The purpose of the study was to describe the demographic patterning of physical perpetration and victimization, psychological abuse, and sexual coercion; to explore similarities and differences in the nature, qualities and dynamics within violent and non-violent relationships; and to investigate the situational contexts of violence by analyzing the progression of abuse within particular relationships.
The research design builds on the Toledo Adolescent Relationships Study (TARS), a 4-wave multi-method, longitudinal investigation of teen dating and sexual relationships, including information about physical violence, psychological abuse and sexual coercion (perpetration and victimization) gathered at each wave. In the fifth wave the interviews were conducted largely in person (71.6%) and on-line. For in-person interviews data were entered directly into a laptop computer, first by the interviewer, and subsequently by respondents, who entered all personal responses directly, to ensure privacy.
The sampling frame was derived from public and private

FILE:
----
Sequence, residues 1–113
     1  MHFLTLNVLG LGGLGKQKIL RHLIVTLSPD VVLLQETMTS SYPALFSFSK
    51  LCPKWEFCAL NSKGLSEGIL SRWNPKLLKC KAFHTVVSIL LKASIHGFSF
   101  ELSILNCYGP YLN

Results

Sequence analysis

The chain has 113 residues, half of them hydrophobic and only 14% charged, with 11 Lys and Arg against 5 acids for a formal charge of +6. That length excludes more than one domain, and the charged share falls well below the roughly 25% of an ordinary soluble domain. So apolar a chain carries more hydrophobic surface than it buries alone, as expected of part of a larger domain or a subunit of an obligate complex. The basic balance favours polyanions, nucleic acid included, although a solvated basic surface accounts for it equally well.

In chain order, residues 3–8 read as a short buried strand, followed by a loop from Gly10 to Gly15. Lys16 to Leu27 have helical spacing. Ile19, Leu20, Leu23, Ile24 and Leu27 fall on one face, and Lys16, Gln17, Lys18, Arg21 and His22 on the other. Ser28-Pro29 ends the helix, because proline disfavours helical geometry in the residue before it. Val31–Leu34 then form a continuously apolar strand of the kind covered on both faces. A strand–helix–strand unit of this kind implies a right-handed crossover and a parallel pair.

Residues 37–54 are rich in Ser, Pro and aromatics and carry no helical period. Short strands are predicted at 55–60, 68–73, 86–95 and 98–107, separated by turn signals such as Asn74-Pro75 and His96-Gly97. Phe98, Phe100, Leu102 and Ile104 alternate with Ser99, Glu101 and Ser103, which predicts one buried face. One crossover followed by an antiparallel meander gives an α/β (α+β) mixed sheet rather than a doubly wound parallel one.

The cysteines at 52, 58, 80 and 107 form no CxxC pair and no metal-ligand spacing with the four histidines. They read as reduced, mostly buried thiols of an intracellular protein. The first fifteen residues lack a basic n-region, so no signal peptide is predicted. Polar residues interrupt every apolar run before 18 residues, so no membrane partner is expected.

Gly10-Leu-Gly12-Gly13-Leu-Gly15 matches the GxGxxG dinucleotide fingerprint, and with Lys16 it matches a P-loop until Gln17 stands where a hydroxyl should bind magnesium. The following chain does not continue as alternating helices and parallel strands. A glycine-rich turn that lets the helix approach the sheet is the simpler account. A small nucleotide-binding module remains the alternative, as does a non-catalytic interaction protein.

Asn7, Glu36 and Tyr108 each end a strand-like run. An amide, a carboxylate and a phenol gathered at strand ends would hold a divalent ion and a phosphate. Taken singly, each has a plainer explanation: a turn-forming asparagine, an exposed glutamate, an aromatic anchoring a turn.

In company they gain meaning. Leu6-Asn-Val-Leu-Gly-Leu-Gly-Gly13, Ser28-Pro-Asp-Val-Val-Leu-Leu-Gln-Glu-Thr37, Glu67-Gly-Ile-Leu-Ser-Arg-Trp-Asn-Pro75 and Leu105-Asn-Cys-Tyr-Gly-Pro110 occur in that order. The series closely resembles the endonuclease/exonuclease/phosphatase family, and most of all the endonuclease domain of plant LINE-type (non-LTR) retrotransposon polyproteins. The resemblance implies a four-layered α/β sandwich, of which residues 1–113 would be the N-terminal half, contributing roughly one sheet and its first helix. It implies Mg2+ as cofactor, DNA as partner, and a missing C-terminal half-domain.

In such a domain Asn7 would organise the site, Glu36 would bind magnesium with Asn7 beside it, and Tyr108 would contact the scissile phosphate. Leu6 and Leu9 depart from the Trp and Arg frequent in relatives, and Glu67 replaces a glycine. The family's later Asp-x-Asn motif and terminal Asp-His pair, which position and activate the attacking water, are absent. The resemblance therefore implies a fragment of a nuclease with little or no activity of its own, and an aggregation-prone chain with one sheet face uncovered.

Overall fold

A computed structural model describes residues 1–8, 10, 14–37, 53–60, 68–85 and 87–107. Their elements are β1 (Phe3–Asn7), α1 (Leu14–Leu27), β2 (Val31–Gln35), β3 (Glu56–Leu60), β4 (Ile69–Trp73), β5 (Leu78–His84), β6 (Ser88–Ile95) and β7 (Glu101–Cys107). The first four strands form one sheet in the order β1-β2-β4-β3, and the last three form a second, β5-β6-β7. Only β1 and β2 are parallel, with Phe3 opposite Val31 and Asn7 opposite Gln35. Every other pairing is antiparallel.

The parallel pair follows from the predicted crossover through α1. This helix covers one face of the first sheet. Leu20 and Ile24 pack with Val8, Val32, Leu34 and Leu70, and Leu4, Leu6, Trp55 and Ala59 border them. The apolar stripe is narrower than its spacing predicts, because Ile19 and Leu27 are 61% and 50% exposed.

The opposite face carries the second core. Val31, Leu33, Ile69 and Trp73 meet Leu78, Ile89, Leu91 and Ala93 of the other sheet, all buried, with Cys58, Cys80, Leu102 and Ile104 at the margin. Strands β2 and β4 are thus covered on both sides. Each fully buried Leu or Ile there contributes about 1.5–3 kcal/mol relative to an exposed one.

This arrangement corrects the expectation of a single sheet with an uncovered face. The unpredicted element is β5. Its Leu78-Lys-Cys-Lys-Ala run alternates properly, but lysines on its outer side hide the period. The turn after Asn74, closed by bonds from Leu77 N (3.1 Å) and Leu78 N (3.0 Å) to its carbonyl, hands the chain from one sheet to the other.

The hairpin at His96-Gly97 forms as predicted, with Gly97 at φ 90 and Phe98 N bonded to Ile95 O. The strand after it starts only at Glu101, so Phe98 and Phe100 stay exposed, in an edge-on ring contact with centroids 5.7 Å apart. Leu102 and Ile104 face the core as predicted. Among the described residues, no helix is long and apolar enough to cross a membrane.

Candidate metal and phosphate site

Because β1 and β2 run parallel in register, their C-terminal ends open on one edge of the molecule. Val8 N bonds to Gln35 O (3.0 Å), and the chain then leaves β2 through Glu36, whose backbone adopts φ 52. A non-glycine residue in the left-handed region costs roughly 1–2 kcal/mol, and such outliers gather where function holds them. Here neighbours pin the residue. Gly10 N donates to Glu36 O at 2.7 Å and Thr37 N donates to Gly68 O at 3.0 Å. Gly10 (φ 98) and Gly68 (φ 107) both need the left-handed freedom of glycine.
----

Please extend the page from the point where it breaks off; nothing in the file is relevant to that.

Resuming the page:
school enrollment records in Lucas County, Ohio. School attendance, however, was not a requirement for inclusion. A stratified, random sample (n=1,316) was then drawn from all 7th, 9th, and 11th grade youth residing in Lucas County in the fall of 2000. 1,021 of these respondents (77.6%) participated in the fifth wave of data collection.
Young adults who were in the 7th, 9th, and 11th grade in Lucas County, Ohio during the 2000-2001 school year.
TARS Wave 5 (n=1,021; 1,837 variables) includes variables in the following categories:
Self and behavior
Dating and intimacy
Romantic relationship partner
No romantic relationship partner
Non-romantic relationship sex
Health and risky behavior
Religion and spirituality
See the TARS Wave 5 questionnaire (included in study documentation) for more details.
1,021 respondents participated in the fifth wave of data collection, 77.6% of the original sample (n=1,316 at the first wave).